Biblical Fathering: On Being Fair
Part one of a four-part series on fatherhood.
I have three children, all girls, and for over twenty years my wife and I prayed for them every night. Our first prayers were for saving faith and later for them to marry Christian men. God has graciously answered those prayers.
A Christian father is the divinely appointed leader of his family.
The Bible tells us that salvation is by God’s grace through his gift of faith alone (Eph. 2:8-9; cf. Ps. 68:20). But we also read that faith comes by hearing the word of Christ (Rom. 10:17). It has been said that Christian character is “caught as much as taught,” so in light of these truths the importance of godly parenting becomes clear. Christian fathers are the divinely appointed leaders of their families; they are to raise their children in the truth of God’s word (Deut. 4:9; Prov. 22:6; Eph. 5:25, 33; 6:4; 2 Tim. 3:15).
This responsibility cannot be ‘subcontracted’ to Sunday school teachers or the youth group. Parents must intentionally school their children in sound, biblical Christian doctrine. The process is best done at home with regular family devotions led by the father.
In Ephesians 6:4, Paul identifies the father’s primary role in the spiritual training of children: “Fathers, do not provoke your children to anger, but bring them up in the discipline and instruction of the Lord.” When we look closely at this verse, we see four principles for every Christian father. They are to be fair, flexible, firm, and forthright as they raise their children. I invite you to join me in looking at these principles in detail in a series of four posts.
Fathers are to be fair.
Our verse in Ephesians says, “do not provoke your children to anger.” Most of us don’t intend to exasperate or cause our children to become angry, but we sometimes do—often unintentionally—by overprotecting them, favoring them (one over another), neglecting them, or verbally abusing them.
Don’t hover. A common term for the tendency to overprotect our kids is “helicopter parenting.” When Dad is constantly hovering, it’s hard for either boys or girls to behave like adolescent boys or girls. Kids need the freedom to run, jump, play, and even argue with others. While safety and security are always a top priority, kids need to be allowed to be kids. Children can be messy, thoughtless, selfish, and loud; sometimes they break things. While the house must not be destroyed, neither should it be a museum. Within established boundaries fathers are to allow their kids to be kids.
Don’t show favoritism. Favoring one child over another is the second mistake. Isaac loved Esau, and Rebecca loved Jacob (Gen. 25:28). The rift it caused between the brothers and in the family never fully healed. As Christian dads, we must always be alert to avoid favoring one child over another. Each child is God’s gift to us, and they come with unique traits, interests, and skills. As fathers, we must take care to love them as equally as possible in all that we say and do.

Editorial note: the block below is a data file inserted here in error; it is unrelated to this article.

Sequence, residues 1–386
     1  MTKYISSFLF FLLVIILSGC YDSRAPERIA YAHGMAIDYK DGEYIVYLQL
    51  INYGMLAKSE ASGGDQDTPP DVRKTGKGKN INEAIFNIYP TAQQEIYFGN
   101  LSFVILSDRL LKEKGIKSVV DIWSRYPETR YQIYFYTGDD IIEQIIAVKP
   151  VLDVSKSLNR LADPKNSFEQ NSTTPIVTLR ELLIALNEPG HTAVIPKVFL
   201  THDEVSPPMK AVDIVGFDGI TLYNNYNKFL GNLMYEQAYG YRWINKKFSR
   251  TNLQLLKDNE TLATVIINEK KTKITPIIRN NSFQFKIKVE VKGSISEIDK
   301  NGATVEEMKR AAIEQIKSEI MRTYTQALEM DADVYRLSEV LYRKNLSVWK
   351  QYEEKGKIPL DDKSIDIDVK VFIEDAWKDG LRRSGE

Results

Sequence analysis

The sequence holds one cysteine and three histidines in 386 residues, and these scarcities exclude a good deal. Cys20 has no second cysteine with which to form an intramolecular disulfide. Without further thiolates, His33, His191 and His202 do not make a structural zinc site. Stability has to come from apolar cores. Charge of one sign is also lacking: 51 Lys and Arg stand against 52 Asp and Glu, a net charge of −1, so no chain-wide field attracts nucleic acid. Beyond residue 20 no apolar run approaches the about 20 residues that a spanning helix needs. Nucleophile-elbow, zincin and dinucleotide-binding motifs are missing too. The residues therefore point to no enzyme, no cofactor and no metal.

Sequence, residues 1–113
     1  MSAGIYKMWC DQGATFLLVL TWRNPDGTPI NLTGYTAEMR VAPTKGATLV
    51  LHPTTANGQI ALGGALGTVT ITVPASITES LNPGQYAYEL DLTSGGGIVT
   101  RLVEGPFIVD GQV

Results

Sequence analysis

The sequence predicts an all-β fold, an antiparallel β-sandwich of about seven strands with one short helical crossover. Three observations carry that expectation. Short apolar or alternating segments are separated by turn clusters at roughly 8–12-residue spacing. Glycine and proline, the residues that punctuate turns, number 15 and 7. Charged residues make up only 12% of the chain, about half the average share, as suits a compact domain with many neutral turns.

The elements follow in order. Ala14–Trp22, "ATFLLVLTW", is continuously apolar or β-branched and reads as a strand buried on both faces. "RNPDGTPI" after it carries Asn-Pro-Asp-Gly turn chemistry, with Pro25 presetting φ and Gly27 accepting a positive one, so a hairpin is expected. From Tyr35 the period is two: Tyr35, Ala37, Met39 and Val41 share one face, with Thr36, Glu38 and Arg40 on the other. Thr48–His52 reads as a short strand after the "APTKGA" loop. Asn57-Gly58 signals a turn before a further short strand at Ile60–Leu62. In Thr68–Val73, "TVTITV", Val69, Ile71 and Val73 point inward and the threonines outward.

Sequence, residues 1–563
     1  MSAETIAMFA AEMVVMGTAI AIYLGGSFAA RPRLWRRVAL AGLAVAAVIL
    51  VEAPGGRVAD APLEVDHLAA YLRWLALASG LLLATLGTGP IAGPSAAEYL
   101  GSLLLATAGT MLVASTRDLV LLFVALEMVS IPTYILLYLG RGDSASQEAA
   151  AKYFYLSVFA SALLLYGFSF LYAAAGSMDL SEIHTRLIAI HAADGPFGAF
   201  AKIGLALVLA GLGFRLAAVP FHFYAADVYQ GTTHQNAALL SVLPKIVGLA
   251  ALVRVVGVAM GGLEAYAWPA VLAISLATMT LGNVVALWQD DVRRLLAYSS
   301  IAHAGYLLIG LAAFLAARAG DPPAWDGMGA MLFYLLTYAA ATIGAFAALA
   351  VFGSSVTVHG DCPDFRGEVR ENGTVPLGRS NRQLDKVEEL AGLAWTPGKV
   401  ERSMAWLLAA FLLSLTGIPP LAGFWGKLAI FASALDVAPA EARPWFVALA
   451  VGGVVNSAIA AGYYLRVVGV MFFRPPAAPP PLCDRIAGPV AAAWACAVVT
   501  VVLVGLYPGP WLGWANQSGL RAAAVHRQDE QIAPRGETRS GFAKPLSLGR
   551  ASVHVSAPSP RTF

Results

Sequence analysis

Don’t neglect your children. The third way, neglect, is subtle but pervasive for fathers who are in the pressure cooker of twenty-first century life. It’s a real challenge to find the proper balance between work and family responsibilities. When we don’t get it right, our children may suffer. Spending “quality time” was once pop psychology’s answer to this issue; but unfortunately, quality moments—where our kids are open to advise, correction, or encouragement—can’t always be scheduled. Teachable moments come on their own schedule, which is why there is no substitute for spending significant blocks of time with our kids, both one-on-one and as a family.
Finally, be careful with your tongue. Like neglect, verbal abuse can be subtle and unrecognized. We may not browbeat or berate, but sometimes a look, a gesture, or silence can be as devastating as a verbal beating. The challenge is to find the right mixture of honest critique, suggested improvement, honest encouragement, and sincere praise that will keep our kids striving to do more and improve.
Fathering requires balance.
Fairness encompasses each of these areas, so we must examine each to ensure we do not unfairly provoke our children to anger. When fathers find the proper balance in these areas, we demonstrate the kind of behavior that allows us to teach our kids the biblical principles behind them. Fairness is an essential step in biblical fathering that demonstrates to our kids how they should treat others. Not only does it make life as parents easier, it also allows us the credibility to teach Christ to our kids.
Click here for Part 2: “Biblical Fathering: On Being Flexible"
Click here for Part 3: “Biblical Fathering: On Being Firm"
Click here for Part 4: "Biblical Fathering: On Being Forthright
Shepherding a Child's Heart by Tedd Tripp
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